The Three Rs vs. the Three Cs -- or Is It the Five Cs?

Saturday, August 25, 2018 7:04:25 PM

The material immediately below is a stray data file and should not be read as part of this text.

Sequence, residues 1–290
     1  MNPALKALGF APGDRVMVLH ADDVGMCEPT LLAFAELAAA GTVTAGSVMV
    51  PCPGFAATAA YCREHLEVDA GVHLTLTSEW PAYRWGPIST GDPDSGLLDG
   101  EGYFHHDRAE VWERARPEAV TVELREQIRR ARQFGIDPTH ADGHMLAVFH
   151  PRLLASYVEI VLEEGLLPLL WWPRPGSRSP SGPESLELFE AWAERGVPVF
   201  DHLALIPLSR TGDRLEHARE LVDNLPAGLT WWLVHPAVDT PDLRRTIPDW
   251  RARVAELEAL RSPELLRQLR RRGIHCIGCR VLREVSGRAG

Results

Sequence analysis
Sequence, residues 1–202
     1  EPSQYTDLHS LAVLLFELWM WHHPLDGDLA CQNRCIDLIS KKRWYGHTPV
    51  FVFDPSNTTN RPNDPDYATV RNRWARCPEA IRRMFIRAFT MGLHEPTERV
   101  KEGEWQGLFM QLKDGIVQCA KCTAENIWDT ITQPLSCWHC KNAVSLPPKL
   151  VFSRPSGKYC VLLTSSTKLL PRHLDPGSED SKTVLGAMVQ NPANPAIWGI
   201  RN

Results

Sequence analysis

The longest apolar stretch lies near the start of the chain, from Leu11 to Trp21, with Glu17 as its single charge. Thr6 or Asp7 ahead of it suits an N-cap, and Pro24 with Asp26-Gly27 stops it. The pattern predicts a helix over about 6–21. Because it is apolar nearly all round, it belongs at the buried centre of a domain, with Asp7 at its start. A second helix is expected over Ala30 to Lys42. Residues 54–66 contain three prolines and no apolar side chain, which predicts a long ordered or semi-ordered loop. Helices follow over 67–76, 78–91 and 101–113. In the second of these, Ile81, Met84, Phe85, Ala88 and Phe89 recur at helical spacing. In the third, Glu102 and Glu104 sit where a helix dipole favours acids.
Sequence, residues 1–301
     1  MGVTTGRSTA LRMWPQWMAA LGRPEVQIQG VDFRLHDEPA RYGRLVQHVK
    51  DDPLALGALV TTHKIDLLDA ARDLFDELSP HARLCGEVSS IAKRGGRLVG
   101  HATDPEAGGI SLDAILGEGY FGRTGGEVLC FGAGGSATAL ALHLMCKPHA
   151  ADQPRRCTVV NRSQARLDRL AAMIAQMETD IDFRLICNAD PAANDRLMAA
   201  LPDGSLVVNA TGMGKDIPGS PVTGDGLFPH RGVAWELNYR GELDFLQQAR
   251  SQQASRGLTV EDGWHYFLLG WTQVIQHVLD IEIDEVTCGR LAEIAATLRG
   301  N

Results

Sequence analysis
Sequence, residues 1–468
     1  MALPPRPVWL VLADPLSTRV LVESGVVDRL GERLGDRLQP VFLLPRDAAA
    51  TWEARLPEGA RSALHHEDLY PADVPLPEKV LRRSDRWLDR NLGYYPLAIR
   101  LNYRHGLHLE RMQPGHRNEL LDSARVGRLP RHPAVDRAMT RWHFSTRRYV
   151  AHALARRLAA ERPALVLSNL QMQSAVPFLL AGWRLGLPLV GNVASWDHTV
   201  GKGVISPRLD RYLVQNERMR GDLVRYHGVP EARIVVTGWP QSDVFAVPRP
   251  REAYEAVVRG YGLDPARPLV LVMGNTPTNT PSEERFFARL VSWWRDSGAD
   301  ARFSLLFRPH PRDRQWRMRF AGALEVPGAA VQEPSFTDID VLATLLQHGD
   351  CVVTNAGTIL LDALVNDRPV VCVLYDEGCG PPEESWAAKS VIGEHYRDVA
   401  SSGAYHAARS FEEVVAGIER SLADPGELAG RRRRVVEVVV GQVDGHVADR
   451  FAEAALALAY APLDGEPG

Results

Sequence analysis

The weight of emotion essays The Things They Carried” by Tim O’Brien describes “things” that are carried by soldiers in Vietnam. These “things” are material necessities, desires, and intangible feelings, memories, and worries. The items that each soldier carries vary depending on position, physical stature and individual tastes. These items, both tangible and intangible are described in great detail including the weight of each item, which is of great importance. The soldiers are constantly walking and must be able to carry the weight of these items sometimes hours at a time. Although it seems that the weight of these items could sometimes be almost too much to bear, the weight of the intangible fears, thoughts, and emotions are more of a burden to the soldiers. At some points during their march, the soldiers sometimes leave behind an item that he feels is no longer needed or wanted. Often this is to ease the amount of weight being carried. However, unlike these items that can so easily be tossed away, the weight of the intangible items is not as easily discarded. O'Brien alternates between narrative passages and basic descriptions of the items that each soldier carries. O'Brien is very precise in his descriptions and seems Skirts be taking inventory of what is being carried, “As a first lieutenant and platoon leader, Jimmy Cross carried a compass, maps, code books, binoculars, and a .45-caliber pistol that weighed 2.9 pounds fully loaded”(1104). O'Brien gives only essay topics Major League Baseball suspends Addison Russell 40 games descriptions in these segments and the writing is void of emotion, “they all carried steel helmets that weighed five pounds including the liner and camouflage cover”(1103). When describing the intangible things, however, the descriptions are much more elaborate, “Lieutenant Jimmy Cross humped his love for Martha up the hills and through the swamps”(1104). “He carried a strobe light and the responsibility for the lives of his men”(1104). These descriptions show t.

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